Although the water looks quite murky in the video, visibility was around 2 feet or so, which is more than adequate for viewing from above.
The fish in the videos are chum - we did see coho as well, which are a solid red colour, but they preferred the safety of deeper waters and wider streams.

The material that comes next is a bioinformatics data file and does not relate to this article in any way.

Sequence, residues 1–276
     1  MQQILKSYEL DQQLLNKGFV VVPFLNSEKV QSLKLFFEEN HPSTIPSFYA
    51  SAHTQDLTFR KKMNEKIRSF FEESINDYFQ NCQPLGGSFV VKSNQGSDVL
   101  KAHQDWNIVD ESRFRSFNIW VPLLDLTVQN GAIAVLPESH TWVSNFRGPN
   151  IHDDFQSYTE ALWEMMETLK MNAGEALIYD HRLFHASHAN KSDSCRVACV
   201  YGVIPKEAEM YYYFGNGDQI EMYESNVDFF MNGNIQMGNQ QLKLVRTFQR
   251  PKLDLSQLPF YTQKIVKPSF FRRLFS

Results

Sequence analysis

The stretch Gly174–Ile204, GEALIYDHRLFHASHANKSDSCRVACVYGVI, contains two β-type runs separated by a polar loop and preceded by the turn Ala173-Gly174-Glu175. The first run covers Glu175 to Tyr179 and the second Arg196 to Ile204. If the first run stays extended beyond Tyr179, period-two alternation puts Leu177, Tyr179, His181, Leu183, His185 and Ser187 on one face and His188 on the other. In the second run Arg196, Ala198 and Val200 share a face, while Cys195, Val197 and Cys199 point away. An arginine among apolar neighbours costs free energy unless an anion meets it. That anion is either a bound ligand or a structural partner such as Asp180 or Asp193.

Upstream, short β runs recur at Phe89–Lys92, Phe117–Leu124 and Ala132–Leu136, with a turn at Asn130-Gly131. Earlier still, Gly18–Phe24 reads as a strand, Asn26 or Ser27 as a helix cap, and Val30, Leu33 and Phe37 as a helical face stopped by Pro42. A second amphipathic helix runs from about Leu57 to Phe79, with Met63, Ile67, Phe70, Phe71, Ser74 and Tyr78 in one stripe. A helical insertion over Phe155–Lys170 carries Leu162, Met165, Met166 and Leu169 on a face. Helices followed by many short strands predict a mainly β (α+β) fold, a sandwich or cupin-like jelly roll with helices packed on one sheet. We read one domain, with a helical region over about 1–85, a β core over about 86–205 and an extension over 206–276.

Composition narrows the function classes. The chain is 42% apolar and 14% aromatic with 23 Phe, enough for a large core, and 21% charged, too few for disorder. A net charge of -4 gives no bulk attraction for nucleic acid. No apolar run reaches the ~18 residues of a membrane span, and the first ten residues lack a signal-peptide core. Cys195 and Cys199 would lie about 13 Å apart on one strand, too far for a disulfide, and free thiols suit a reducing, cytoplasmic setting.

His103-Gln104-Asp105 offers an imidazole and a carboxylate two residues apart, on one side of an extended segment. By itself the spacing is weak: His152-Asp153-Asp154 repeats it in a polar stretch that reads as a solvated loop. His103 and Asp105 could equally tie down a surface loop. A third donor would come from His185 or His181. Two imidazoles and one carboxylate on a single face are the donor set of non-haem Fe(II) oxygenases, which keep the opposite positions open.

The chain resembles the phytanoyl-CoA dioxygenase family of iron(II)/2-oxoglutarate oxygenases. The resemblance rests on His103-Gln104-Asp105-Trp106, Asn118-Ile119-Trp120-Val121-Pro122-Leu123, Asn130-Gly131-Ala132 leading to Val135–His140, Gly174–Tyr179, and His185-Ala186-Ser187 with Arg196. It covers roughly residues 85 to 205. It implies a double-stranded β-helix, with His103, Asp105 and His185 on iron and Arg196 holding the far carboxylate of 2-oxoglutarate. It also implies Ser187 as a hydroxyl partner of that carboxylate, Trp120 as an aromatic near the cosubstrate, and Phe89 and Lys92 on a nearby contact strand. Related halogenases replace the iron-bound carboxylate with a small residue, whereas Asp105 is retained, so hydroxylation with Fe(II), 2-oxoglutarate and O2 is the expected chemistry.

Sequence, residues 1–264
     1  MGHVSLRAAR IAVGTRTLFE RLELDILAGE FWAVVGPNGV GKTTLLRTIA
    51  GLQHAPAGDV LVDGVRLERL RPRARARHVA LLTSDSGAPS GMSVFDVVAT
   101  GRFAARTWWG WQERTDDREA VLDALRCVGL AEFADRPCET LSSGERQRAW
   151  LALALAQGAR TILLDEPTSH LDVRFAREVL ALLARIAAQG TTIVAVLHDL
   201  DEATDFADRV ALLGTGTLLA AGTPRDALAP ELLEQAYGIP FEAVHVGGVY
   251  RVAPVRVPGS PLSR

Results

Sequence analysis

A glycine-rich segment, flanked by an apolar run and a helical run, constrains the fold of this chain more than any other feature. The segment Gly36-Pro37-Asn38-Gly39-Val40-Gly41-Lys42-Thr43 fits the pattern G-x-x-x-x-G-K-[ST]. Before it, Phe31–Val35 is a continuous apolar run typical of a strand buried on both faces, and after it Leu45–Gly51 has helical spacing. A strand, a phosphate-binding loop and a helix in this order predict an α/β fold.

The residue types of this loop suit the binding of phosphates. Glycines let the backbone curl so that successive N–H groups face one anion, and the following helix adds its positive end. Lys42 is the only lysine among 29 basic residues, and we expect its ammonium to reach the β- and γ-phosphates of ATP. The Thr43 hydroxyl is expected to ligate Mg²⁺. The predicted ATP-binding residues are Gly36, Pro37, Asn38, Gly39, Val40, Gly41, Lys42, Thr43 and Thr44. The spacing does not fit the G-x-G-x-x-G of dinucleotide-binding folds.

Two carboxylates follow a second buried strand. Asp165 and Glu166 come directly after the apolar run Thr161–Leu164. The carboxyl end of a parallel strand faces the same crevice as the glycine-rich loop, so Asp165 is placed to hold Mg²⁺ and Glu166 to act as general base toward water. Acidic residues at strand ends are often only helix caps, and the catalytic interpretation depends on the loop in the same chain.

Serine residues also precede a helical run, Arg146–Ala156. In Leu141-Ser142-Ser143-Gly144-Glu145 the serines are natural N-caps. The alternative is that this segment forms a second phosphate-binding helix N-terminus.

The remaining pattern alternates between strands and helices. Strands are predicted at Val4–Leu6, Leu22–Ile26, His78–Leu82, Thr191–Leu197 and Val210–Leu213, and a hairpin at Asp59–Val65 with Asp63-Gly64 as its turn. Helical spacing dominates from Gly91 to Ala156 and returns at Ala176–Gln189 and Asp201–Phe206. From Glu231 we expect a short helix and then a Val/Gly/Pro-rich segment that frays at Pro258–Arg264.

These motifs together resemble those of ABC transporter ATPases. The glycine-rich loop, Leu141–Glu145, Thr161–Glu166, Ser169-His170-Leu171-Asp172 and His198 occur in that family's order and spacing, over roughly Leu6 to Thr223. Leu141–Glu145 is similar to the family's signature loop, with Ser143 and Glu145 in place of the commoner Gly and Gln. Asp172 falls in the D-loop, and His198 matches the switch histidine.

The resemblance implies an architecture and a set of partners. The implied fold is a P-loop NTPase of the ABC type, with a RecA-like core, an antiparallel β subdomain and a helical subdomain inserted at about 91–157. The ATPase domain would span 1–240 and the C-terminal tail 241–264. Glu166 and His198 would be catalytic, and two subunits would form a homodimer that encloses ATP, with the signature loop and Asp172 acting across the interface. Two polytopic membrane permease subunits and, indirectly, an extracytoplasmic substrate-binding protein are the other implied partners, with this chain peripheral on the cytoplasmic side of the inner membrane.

Salmon never cease to amaze me. Imagine spending years never touching anything except for the ocean itself, then migrating into and breathing a corrosive feeling freshwater fluid. As you move into smaller streams, you try to keep away from the rocks that nick and scratch your thin skin, but weeks of navigating the shallows have you mentally and physically exhausted. The stream doesn't stop moving at night, and neither can you. You see moving shadows above the water, and you're not sure if they are a bird or bear looking for a quick meal, or just some innocuous human watching you, but you dart away to be safe. The stream seems to end - at least the visible part of it, anyway. Water is still proceeding in the form of a waterfall, and you take a blind leap, hoping you jumped far enough, that what you will land on is water as well. Failure could mean getting tossed headfirst onto a rock that has claimed the lives of many before you. You finally find a spawning pool where you find other survivors. The act of spawning itself is what probably will do you in. When you spawn, not only do you release your milt or eggs, but also your will to live. You have fulfilled your purpose in life...and now you have a purpose in death, that of feeding the birds and other scavengers who in turn feed the forest.